Thursday, October 22, 2009


In the Genesis of American television , even broadcast behemoths like NBC and CBS weren't true, national networks. While the coaxial cable and microwave relay stations for tv transmission linked the east and west coasts in 1948, there were vast parts of the country that had no access to live video feeds.

As the nascent television industry moved into the 1950's,and into millions of homes, bars and schools, Americans embraced the new medium and made instantstars of pioneering performers like Milton Berle, Lucille Ball and Arthur Godfrey. Manufacturers like RCA, Philco and Admiral struggled to keep up with the public demand for Black and White, TV sets with a 12 inch, diagonally measured screen.

LIVE,television production was centered in New York City,and that created a dearth of studio space. As NBC, CBS, ABC & DuMont rapidly converted radio facilities, Broadway theaters and hotel ballrooms into video stages, local television stations in Philadelphia, Washington DC and Chicago produced programs that filled network schedules.

Philadelphia was a leading center for network production in this era. NBC's antic, Ernie Kovacs Show and the sci-fi adventure, Atom Squad, were produced in the crowded, hot, basement studios of WPTZ-TV's (now KYW-TV) center city facilities.

Paul Whiteman's Teen Dance Party and , later , American Bandstand were beamed live to the ABC Network from WFIL-TV's (now WPVI-TV) new, but austere, production center in West Philadelphia. That building is now home to a non-profit, community, educational agency and is on the national historic register, thanks, largely, to Dick Clark's, daily, rock and roll rally.

At the sprawling WCAU-TV (still WCAU-TV) broadcast facility in suburban Bala Cynwyd Pennsylvania, television pioneers produced over 20 hours per week of LIVE programming for the CBS Television Network.This included Ed McMahon playing a clown on a weekly, circus spectacular called BIG TOP.

WCAU-TV also mounted an ambitious LIVE, western adventure show called ACTION IN THE AFTERNOON, that aired 5 days a week. Often runaway cattle or horses would bolt from the backlot into busy City Avenue. Just as frequently, a bus or truck could be seen rolling through a scene that was supposed to be set in the Old West. The occasional airplane made appearances in wide, closing shots.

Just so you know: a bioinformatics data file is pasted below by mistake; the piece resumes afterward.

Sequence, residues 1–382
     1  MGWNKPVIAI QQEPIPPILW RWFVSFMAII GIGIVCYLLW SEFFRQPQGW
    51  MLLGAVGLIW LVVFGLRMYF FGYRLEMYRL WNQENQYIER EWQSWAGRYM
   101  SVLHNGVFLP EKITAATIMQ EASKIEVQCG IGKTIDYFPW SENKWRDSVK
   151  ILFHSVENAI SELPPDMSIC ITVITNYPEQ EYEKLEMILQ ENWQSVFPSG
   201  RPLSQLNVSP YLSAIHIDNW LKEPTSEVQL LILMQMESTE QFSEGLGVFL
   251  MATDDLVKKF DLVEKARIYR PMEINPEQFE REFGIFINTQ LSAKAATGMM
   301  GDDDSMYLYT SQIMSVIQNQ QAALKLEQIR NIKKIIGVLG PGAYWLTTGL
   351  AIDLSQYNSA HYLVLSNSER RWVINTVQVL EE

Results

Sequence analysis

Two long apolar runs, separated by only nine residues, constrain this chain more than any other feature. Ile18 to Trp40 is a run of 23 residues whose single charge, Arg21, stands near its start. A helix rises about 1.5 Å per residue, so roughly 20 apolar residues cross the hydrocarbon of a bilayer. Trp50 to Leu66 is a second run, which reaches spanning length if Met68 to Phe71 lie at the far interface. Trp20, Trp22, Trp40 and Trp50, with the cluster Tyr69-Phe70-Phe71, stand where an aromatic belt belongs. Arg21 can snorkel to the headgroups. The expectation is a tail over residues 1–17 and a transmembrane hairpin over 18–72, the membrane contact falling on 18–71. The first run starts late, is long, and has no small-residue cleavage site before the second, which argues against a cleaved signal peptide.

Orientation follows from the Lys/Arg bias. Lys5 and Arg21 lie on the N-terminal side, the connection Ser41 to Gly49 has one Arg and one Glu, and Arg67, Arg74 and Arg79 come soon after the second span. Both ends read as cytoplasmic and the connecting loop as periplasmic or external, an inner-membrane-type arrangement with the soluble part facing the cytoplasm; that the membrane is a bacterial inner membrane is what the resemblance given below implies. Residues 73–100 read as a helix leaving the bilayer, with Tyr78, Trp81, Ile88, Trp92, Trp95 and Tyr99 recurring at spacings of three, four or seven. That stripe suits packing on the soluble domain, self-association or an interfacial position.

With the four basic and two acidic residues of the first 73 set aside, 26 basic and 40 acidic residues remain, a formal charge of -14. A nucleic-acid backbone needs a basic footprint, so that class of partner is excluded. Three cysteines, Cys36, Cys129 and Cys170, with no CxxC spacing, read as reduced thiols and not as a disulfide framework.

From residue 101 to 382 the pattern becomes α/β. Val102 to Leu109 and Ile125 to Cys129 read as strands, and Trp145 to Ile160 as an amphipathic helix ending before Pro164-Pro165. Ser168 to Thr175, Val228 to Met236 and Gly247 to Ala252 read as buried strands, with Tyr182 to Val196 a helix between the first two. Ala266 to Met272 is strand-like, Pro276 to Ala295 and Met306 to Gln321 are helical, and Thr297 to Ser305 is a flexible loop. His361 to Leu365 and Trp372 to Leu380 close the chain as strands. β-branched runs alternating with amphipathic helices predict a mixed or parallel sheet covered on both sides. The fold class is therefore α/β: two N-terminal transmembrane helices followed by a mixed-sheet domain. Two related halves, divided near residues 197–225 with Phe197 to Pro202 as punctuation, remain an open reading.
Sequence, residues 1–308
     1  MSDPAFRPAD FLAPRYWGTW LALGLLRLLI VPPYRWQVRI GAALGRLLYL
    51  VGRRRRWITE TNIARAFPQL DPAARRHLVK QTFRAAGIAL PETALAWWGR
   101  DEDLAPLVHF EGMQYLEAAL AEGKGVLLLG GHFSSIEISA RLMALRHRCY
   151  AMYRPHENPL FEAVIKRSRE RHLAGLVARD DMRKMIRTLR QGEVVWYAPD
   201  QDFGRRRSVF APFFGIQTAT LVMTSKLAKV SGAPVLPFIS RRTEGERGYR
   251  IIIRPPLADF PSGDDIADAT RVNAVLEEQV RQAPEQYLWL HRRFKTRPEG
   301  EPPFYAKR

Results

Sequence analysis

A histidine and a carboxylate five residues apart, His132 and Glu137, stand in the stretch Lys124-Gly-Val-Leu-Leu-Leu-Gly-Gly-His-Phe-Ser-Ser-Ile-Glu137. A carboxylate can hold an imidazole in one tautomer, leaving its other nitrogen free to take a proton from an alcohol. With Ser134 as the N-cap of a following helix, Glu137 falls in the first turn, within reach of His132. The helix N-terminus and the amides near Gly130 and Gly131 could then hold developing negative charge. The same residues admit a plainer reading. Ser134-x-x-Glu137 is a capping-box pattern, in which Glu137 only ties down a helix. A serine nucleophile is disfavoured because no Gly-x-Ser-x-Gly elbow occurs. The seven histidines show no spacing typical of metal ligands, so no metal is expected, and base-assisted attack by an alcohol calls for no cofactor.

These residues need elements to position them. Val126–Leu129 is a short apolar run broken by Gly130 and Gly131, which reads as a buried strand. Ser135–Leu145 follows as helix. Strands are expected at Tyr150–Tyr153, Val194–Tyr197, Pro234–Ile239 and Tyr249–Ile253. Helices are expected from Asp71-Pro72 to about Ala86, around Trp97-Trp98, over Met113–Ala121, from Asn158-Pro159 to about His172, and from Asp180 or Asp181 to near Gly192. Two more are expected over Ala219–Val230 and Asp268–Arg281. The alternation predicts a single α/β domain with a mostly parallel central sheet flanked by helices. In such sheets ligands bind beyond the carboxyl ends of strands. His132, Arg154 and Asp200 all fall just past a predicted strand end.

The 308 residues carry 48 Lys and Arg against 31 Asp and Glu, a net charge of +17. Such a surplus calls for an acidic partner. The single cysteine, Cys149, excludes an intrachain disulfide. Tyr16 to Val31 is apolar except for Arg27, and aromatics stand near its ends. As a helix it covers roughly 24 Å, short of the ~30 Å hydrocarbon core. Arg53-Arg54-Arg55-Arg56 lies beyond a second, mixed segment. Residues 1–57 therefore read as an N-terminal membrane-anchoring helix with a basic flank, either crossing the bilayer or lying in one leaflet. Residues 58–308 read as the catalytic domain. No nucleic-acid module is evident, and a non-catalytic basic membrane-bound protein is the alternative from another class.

One of the most fascinating and intellectually stimulating, network entries from WCAU-TV was a quiz show produced in association with the University of Pennsylvania, called WHAT IN THE WORLD?. Each Sunday from the early 1950's to 1960, a panel of distinguished anthropologists and archaeologists would be shown rare and ancient artifacts from the University of Pennsylvania's renowned University Museum by host and museum director,Dr. Froelich Rainey.The panel had to identify the object, and explain it's scientific and/or historical significance.

The quiz, itself, was challenging, straightforward and, obviously, smart. For it's entire run, WHAT IN THE WORLD? was consigned to television's , so-called, Sunday intellectual ghetto.

You may wonder why a commercial network,like CBS-TV, which was determined to dominate this mass appeal medium, offered a show that was so cerebral and arcane?

In TV's tender years,when a new television set could cost as much as a used car, most set owners were affluent. Many viewers, who were early adopters of this costly and vibrant video technology, were also well educated and erudite.

The opening titles were a bit ominous, but the production values were formidable for the time.Below , from the PENNMUSEUM YOU TUBE SITE,are posted three, full episodes of WHAT IN THE WORLD? ENJOY!!!!!

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